Once something becomes a pattern or ubiquitous long enough, we stop seeing the distinct instances of the pattern.

Most of us, don’t look to the right side on webpages anymore; that’s where the ads are—or, at least where they used to be before interleaving them with the content because people weren’t looking at or clicking them anymore (and handheld devices don’t lend themselves to wide content). We can spend a lot of time on a page peppered with ads and not even see them because we know what and where to look (or not look). Twins are weird, except if you go to the twins festival where being a single is weird.

Picking at the “weird” thing can inspire conformity to the normal, ubiquitous thing. However, if someone wants to “get away something” they often stick to being as “normal” as possible—not weird: Act natural or casual. Social norms and mores are interesting and it’s why it’s hard to change things, even for the better.

It was not normal to be an abolitionist in the United States in the 1800s, but they did exist. Now, it’s not normal to be blatantly racist and calling for slavery to be institutionalized again. Now, I’m not putting this incident into that same bucket, I’m just making the illustration using a true, and hyperbolic example.

Then there’s the, “How do I respond?” question.

The petty and spiteful part of my brain chimed in with, “Well, when you go in, ask for an employee to watch you while you shop.”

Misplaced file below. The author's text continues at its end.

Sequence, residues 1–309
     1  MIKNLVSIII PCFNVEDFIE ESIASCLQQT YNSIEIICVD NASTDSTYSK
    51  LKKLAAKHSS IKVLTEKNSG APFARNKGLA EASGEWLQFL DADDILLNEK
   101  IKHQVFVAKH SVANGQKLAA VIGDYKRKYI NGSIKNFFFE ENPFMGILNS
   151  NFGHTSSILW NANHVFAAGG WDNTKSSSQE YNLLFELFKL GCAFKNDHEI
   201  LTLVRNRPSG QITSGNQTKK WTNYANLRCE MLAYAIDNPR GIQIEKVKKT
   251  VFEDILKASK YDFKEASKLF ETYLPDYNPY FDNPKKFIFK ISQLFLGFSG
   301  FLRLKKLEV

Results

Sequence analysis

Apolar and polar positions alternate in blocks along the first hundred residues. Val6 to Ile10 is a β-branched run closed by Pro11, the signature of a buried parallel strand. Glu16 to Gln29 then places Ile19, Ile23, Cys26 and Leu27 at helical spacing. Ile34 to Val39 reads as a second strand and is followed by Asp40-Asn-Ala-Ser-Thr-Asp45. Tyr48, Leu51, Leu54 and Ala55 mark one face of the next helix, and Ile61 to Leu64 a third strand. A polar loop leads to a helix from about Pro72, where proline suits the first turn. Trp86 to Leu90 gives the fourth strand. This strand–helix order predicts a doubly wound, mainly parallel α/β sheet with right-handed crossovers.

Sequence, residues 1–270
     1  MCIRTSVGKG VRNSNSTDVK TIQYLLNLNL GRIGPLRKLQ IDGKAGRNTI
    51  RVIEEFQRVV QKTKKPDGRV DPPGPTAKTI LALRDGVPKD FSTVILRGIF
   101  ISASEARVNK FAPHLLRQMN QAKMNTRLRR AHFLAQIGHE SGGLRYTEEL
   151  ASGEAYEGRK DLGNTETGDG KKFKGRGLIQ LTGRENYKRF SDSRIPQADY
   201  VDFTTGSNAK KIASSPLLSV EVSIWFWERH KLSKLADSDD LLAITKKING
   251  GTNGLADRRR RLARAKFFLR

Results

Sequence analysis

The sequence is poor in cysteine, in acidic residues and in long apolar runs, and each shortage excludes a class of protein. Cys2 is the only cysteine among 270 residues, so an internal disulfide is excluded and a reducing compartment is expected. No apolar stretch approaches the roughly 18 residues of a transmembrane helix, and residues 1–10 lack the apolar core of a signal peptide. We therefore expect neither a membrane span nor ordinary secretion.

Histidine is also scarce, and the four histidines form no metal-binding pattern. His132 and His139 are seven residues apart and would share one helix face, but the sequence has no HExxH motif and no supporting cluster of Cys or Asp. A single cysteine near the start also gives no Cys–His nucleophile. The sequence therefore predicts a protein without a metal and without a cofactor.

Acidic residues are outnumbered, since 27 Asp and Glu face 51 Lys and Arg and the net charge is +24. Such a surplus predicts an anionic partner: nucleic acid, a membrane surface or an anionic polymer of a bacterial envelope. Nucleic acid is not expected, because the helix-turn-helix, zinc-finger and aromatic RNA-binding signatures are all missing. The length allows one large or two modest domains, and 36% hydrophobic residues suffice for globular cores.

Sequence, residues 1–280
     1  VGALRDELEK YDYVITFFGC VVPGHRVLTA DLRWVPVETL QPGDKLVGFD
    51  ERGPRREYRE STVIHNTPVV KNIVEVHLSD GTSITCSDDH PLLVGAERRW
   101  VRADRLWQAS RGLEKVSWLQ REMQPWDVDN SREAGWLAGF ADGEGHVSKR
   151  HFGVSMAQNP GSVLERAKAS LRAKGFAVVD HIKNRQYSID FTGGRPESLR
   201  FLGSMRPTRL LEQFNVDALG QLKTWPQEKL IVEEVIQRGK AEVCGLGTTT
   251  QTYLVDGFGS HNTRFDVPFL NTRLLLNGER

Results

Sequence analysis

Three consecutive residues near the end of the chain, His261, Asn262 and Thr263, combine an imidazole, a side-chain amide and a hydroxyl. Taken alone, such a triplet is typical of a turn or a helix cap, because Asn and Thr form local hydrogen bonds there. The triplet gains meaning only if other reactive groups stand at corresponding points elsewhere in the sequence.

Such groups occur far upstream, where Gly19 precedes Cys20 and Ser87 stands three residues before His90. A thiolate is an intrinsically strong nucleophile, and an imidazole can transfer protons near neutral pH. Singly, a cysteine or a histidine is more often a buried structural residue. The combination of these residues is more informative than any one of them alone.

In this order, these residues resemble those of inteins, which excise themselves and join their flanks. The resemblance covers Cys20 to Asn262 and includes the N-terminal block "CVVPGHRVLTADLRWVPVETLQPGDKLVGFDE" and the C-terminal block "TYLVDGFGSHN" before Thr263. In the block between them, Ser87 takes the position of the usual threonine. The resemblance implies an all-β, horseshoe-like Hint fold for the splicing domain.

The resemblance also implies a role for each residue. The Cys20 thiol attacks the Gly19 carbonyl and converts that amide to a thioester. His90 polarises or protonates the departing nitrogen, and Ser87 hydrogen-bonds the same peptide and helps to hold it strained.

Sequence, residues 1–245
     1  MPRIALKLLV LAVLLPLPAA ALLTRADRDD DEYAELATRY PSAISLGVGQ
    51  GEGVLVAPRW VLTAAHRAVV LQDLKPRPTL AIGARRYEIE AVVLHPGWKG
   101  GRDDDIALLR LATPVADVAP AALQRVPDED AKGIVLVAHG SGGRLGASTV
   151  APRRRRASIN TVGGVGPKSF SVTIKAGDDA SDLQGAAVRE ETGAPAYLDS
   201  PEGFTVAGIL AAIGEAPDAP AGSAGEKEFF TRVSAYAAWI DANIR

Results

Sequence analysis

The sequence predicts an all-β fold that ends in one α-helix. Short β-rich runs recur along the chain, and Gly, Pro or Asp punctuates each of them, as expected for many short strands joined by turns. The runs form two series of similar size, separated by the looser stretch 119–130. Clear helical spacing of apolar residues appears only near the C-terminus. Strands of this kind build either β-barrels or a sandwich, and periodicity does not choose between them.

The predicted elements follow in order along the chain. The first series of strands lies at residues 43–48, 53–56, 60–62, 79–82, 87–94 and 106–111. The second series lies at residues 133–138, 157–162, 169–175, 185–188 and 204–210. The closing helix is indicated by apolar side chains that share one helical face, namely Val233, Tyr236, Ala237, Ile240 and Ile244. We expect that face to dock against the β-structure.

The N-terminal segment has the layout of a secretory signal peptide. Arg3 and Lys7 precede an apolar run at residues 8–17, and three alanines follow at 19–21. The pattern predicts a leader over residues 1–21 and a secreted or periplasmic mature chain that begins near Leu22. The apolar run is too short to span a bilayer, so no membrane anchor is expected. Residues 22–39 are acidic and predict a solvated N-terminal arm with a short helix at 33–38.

The countercultural rebel piped in with, “I don’t need to conform to their desires, I should be free to live my life without judgement. I’m not changing myself because of you, the system needs to change.”

The generalization part of me said, “I wonder if I should just stop shopping at Kroger.” To which my practical side immediately responded with, “Individuals aren’t monoliths.”

The part of me that tends toward conjecture and explanation started wondering if the person was new, maybe a newly-minted manager fresh from training filled with horror stories and numbers about how much shoplifting costs the company; I’ve seen it before when I worked retail. Maybe they had a run of shoplifting that day or recently and it was recency bias; everyone is a threat. I started wondering what the possible story the employee was telling themselves was; were they a hero that day? Did they see themselves as stopping a potential shoplifter and making them pay for the goods they would have otherwise stolen? (Instead of what actually happened.)

After considering and reconciling, what it really boils down to is trying to figure out a single rule for myself that covers the most ground possible. I can only control myself and, after years of anecdotal experience, I can’t change “the system.” What I can do, is walk into a store, check with employees toward the front that having my bag is okay, and asking how the person I’m talking with suggests I handle the bag in the store. Of course, if the store has a sign posted about what to do with bags, then that solves the problem of finding an employee.

This would be something I would apply to all stores, not just Kroger.